LDS Church News

Spiritual amnesia

Published: Monday, Aug. 18 2014 12:10 p.m. MDT

Based on a true story, the movie “The Vow” describes the marriage of Krickitt and Kim Carpenter. In 1993, they had a whirlwind romance and married. But just ten weeks after their vows, Krickitt and Kim were involved in a terrible auto accident. She suffered a severe head injury that caused her to forget everything that happened over the past 18 months. She had no recollection of her courtship or marriage; she couldn’t remember her husband at all. After years of working together, the couple found love again, relying on the marriage vows they promised. Krickitt told Mail Online, “Our one hope is simply that it will inspire our children, and other children, to do what they promise to do, to grow up to be men and women of their word.”

The children of God who come into this world pass through a veil of forgetfulness, or spiritual amnesia. They forget who they were, what they did and why they came to earth. Part of this mortal journey is for men and women to discover their true identities and act accordingly.

President Brigham Young said, “It has also been decreed by the Almighty that spirits, upon taking bodies, shall forget all they had known previously, or they could not have a day of trial — could not have an opportunity for proving themselves in darkness and temptation, in unbelief and wickedness, to prove themselves worthy of eternal existence. The greatest gift that God can bestow upon the children of men is the gift of eternal life; that is, to give mankind power to preserve their identity — to preserve themselves before the Lord” (Journal of Discourses, 6:333).

When Alma the Younger was struck dumb after seeking to destroy the Church, he underwent a transformation in a short period of time as the Lord taught him about his true identity. Alma says, “And the Lord said unto me: Marvel not that all mankind, yea, men and women, all nations, kindreds, tongues and people, must be born again; yea, born of God, changed from their carnal and fallen state, to a state of righteousness, being redeemed of God, becoming his sons and daughters” (Mosiah 27:25).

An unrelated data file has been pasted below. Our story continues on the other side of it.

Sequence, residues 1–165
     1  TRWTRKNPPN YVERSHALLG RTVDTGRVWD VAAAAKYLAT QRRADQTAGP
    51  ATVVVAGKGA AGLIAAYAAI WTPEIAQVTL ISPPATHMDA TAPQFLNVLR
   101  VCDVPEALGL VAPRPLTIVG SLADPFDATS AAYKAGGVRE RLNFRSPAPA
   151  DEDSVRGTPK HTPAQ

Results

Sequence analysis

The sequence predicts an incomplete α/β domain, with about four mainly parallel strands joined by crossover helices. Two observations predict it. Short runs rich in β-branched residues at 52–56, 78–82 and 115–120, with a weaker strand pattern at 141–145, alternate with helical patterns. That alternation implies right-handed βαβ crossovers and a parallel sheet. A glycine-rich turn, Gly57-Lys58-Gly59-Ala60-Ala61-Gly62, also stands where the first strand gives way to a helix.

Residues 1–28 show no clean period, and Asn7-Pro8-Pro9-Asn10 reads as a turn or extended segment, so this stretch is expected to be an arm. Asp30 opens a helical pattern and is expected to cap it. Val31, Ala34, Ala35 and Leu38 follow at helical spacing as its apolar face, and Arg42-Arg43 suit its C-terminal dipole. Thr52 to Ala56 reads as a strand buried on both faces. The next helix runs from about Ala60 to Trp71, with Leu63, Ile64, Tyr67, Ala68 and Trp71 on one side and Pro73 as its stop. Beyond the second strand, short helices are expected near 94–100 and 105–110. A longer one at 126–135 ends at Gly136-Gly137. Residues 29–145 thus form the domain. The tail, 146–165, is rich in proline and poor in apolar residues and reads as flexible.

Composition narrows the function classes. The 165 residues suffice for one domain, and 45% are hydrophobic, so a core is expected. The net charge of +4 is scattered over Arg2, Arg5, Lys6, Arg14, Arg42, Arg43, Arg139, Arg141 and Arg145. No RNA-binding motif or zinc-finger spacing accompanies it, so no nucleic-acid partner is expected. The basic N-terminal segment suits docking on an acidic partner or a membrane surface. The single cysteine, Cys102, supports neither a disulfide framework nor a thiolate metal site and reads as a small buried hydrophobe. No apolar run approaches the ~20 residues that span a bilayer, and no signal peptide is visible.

The process of discovering a spiritual identity in life can be difficult and requires spiritual guidance, study and perseverance. The philosophies of the world are numerous. For example, the Guardian newspaper reported that the self-help book genre is now an $11 billion-a-year industry with a myriad of opinions on the best way to understand life.

The anti-Christ Korihor preached a popular sermon among the Nephites, arguing that men and women had no need for the Savior Jesus Christ. His humanistic approach taught that “every man fared in this life according to the management of the creature; therefore every man prospered according to his genius, and that every man conquered according to his strength” (Alma 30:17).

The result of this teaching led people to forget who they were and to commit sin. “And thus [Korihor] did preach unto them, leading away the hearts of many, ... yea, leading away many women, and also men, to commit whoredoms” (Alma 30:18).

President Henry B. Eyring, first counselor in the First Presidency, told a story from his childhood about the importance of identity. He said, when he was a teenager, he awoke one morning and received a distinct impression. The Spirit instructed, “Someday, when you know who you really are, you will be sorry you didn’t use your time better” (“Child of Promise,” BYU devotional, May 1986).

The need for spiritual guidance in our second estate is imperative to combat the worldly philosophies that permeate this mortal existence. But where do the truths of God exist?